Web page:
All along the former Iron Curtain, similar pockets of wilderness were left untouched during the East-West stand-off. In the north, the forests of Norway, Finland and Russia sheltered elks and bears, and at the southern end, in the mountains and lakes of the Balkans, lynxes and pelicans thrived.

    After the end of the Cold War, the countries along the border gradually joined forces to preserve their shared, accidental wildlife corridor.

    The European Green Belt now runs through 24 countries covering a huge range of habitats including coastlines, lakes, forests and mountains. While there are still gaps, the green belt has turned into a lifeline for many endangered species.

    Stepping stones for reindeer

    “These corridors and stepping stones, they allow species to maintain their strongholds and to exchange genes, and to migrate,” says Aimo Saano, nature conservation manager at Metsähallitus, a Finnish government agency that manages the core areas of the Finnish part of the European Green Belt. “They create the complex ecosystems that should be there."

    “As we know from densely inhabited Europe, this is the obvious danger: that ecosystems have been minimised and cut into small pieces, separated from each other.”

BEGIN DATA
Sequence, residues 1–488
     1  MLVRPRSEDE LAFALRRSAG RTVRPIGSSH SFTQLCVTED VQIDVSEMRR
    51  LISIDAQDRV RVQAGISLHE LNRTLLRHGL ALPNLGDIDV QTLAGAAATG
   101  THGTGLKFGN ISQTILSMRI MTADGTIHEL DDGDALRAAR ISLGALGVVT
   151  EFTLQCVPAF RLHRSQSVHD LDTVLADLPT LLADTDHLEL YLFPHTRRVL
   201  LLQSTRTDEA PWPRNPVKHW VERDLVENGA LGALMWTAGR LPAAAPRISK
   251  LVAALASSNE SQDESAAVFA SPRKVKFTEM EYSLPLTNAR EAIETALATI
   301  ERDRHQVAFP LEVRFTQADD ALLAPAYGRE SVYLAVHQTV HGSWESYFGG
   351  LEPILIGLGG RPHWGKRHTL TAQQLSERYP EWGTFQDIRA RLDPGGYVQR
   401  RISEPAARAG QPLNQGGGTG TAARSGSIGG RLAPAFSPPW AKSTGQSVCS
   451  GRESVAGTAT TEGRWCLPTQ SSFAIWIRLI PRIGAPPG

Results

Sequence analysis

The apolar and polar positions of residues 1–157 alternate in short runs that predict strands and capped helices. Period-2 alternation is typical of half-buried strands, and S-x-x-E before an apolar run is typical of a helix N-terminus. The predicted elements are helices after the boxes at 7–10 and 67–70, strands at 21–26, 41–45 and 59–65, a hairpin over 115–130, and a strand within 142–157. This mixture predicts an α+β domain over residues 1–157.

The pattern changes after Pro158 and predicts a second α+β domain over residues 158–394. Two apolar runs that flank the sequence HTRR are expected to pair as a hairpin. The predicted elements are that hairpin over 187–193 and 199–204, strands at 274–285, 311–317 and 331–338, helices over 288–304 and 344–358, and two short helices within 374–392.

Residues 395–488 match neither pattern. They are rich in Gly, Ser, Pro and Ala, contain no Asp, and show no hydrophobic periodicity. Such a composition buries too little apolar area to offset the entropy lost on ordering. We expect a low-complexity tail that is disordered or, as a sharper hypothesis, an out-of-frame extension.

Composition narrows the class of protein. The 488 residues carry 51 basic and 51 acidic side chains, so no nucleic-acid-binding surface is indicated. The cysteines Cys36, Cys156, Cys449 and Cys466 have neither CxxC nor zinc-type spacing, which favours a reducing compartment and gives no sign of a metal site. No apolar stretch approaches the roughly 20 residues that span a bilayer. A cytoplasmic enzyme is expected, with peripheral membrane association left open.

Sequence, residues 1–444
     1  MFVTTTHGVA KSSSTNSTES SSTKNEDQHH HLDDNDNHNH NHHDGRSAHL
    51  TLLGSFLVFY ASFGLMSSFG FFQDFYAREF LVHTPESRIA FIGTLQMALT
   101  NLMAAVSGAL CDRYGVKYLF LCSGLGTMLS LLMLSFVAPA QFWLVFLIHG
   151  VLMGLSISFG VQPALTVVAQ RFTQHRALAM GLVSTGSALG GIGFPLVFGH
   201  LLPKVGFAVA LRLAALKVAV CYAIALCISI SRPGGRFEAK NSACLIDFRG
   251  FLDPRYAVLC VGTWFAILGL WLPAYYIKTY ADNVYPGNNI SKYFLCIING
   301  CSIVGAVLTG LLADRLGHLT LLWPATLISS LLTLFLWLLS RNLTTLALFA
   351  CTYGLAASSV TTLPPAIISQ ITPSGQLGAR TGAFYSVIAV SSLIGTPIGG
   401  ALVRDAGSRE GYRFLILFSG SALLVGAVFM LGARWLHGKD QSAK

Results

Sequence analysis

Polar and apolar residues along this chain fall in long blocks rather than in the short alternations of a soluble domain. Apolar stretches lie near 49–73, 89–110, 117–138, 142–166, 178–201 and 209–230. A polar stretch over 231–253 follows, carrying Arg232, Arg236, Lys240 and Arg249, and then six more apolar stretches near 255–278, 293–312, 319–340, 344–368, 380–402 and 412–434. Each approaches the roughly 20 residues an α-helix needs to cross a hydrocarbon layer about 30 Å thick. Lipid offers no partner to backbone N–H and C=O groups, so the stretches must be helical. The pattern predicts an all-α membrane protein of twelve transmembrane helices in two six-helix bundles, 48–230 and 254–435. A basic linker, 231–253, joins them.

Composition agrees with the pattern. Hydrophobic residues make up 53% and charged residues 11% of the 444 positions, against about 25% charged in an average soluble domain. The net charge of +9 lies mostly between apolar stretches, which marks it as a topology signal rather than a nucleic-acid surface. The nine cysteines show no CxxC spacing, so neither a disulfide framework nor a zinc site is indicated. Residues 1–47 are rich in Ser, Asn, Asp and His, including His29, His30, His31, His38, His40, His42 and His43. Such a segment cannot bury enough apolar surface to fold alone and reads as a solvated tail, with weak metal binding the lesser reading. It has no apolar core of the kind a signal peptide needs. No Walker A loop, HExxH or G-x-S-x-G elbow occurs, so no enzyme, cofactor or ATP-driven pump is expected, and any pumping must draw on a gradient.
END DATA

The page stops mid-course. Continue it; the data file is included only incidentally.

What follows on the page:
Linking up across borders can help fight this trend, and support species like the highly endangered wild forest reindeer. In the 1990s, one of the few remaining populations of wild forest reindeer lived in Karelia, a Russian region bordering Finland.

    Unlike the inner-German border, the one between Russia and Finland has of course not disappeared. But Russian and Finnish conservationists have moved some of the Russian wild forest reindeer to a Finnish national park, establishing a smaller, second population west of the green belt. The reindeer can move back and forth across the border, and the resulting genetic exchange is vital to the species’ future health, Saano says.